Friday, April 16, 2010

In Which We Have A Good Day

Connor had a good day today!

The meeting at school this morning was very productive and went well, and Connor had a fantastic day at school, which I'm sure was much appreciated by everybody as we didn't really need any more excitement.  He came home and had his hour of "quiet" time, which he spent happily yodeling to himself at the top of his lungs in his bedroom.  Then we loaded up the car and, along with my parents who are visiting right now, took a trip up to Pike Place Market. 

The market, while busy, wasn't terrible for a sunny Friday afternoon, and we ate lunch there and then had fun killing time by walking around looking at all the vendors, sitting in the park munching on those ridiculously good apple cinnamon rolls from Piroshky Piroshky (seriously, if you ever come to Seattle and you don't try the apple cinnamon rolls from this little bakery than I am very, very sad for you) and just having a good ol' time in general.  Around four in the afternoon we hopped back in the van and drove over to Children's Hospital so that Connor could get his medication levels checked. 

I always do my best to prepare Connor for the fact that he's getting his blood drawn-- making sure to tell him when it's about to happen so he's not surprised, and then telling him what a good job he did and comforting him afterwards.  He likes having his blood drawn about as much as the next four year old, which is to say not at all.  Usually many tears are involved.

Well I did the preparing part, but I didn't have to do the comforting part this time because we had the BEST phlebotomist (the technical term for the blood drawing guy) I have ever seen in my entire life, and believe me I have seen a whole lot of phlebotomists at this point.  Connor is an extremely hard stick because he's had blood drawn so many times, but this guy took a quick look at both Connor's elbows, slapped a quick tourniquet on his left arm, and before the little guy even had the chance to get upset about the tourniquet the needle was in and the two vials needed had already been drawn.  I swear the whole process took forty seconds from start to finish, and Connor didn't cry at all!  It was pretty awesome-- I've had way, way too many trips to the laboratory where the phlebotomist has to stick Connor four or five times, and even when they get him on one stick it usually involves a whole lot of preparation.  This guy just ran a quick finger down the inside of Connor's arm.  So now I know who to ask for the next time we need levels drawn!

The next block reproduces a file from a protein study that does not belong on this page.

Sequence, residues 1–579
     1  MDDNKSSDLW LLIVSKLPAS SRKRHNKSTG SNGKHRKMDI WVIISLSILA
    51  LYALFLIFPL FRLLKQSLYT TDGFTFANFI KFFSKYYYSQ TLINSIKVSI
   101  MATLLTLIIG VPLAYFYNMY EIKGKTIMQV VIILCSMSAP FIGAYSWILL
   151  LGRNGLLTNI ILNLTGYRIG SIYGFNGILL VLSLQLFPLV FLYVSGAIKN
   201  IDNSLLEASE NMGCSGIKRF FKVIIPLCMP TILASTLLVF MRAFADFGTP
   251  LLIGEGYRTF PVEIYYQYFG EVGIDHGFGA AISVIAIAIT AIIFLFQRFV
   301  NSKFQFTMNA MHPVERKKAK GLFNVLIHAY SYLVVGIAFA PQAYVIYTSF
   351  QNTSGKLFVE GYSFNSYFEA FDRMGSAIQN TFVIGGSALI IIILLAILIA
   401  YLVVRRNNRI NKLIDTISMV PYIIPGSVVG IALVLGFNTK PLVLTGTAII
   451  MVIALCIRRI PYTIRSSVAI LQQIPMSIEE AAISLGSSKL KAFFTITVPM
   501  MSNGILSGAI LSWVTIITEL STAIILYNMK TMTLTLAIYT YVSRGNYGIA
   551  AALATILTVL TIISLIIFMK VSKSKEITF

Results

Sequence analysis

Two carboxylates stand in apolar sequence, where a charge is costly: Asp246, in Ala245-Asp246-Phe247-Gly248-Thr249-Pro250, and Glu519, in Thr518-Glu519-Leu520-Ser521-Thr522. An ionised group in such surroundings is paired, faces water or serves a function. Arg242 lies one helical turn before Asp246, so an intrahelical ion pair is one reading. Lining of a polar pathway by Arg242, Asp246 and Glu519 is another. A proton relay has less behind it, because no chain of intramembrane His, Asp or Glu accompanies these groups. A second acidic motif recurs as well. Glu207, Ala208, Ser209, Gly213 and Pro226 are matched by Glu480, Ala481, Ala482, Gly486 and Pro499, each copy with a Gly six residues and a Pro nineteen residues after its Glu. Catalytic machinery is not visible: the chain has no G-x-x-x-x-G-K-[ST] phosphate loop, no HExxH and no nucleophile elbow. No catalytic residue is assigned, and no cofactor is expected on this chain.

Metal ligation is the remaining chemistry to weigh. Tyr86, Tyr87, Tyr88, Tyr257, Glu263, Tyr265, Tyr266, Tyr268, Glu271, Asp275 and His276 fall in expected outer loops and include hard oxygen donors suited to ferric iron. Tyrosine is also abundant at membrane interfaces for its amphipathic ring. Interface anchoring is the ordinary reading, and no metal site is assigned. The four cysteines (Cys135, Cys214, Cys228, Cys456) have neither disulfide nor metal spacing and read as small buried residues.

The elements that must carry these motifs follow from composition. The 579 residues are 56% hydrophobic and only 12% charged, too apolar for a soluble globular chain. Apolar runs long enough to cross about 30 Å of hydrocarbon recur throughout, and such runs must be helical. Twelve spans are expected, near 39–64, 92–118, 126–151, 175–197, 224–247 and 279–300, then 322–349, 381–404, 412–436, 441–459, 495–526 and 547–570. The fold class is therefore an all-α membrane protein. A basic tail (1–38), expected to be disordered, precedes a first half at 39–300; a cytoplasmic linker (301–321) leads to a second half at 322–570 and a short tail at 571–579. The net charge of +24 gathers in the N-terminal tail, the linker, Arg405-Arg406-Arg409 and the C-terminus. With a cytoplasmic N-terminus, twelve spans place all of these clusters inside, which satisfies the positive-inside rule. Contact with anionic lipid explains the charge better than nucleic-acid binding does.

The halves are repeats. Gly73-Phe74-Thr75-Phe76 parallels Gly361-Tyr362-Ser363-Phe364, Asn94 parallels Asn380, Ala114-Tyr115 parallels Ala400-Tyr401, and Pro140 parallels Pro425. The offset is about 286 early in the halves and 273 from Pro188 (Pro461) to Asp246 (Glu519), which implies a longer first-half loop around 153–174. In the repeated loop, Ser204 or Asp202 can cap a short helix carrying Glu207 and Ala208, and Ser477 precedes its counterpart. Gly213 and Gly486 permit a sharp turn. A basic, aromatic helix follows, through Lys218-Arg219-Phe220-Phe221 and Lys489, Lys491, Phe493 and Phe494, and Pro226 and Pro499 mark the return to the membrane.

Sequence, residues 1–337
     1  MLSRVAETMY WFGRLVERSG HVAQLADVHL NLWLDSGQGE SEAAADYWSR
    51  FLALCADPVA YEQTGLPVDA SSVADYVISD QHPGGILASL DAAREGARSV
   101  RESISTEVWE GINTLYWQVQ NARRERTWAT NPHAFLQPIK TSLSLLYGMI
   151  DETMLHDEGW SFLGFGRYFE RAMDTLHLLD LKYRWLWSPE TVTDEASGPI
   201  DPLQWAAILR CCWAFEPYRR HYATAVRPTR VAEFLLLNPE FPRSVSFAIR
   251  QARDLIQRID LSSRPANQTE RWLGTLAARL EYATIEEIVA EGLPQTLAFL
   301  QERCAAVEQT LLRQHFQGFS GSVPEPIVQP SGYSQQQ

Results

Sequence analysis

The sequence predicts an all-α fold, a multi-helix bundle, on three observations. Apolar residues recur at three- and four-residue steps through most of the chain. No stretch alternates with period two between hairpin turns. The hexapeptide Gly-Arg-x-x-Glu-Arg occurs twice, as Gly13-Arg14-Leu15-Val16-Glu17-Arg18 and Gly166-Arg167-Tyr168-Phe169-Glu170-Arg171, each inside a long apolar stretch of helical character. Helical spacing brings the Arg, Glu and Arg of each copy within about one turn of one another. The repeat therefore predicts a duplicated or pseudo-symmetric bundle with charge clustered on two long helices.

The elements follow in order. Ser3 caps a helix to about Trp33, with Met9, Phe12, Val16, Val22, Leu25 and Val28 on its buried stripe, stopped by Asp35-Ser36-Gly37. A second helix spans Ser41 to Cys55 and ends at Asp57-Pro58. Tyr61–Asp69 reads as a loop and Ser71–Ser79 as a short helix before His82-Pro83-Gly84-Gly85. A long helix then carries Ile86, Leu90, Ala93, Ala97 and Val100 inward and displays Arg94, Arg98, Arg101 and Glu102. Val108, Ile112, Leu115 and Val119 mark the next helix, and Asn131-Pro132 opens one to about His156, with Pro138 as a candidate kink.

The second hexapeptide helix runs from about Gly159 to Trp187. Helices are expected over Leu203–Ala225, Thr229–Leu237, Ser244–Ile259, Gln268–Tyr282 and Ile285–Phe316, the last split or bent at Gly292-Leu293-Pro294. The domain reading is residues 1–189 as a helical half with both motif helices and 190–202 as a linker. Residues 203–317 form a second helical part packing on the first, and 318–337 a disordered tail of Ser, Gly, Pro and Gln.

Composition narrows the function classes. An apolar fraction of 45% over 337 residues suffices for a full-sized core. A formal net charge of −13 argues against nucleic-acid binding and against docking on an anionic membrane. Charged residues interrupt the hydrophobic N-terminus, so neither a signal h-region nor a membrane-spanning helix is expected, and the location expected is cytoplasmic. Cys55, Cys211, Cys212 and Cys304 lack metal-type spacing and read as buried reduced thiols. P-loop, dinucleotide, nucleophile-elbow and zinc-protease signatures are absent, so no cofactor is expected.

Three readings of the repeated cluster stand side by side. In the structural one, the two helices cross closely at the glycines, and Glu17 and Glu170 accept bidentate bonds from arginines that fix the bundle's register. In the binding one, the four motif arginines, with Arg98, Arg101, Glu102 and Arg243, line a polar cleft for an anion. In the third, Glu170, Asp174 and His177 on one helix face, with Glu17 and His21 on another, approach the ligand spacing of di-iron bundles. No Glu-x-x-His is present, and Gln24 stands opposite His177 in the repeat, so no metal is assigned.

We headed back home after that, ate dinner and watched a movie.  It was a good end to an all-in-all good day.  We'll hear back from the neurologist either tomorrow or Monday, and hopefully we'll get the problem solved!



TC said...

When my son was an infant, he had to have a whole bunch of blood draws. And I, too, will never forget the time when I watched a female phlebotomist do such an amazing job that the kid didn't even flinch. I looked at her and said, "What, did you find the space between two cells and put the needle in there? Because he doesn't even KNOW you just stuck him!"

Sadly, we never saw her again. Maybe she was an angel! ;-)

Wherever HE Leads We'll Go said...

I hate having blood drawn! I have generally uncooperative veins and unfortunately seemed to have passed that on to my daughter. Watching her get an IV or have blood drawn is like torture for me (and not so fun for her either!). I am so glad that Connor's experience went well.

karen gerstenberger said...

I think I know exactly who you are talking about. I think his name is Hector, and he is fabulous! He has lots of fluorescent-colored coband for the kids and is calm and kind. Hooray for a good blood-draw!

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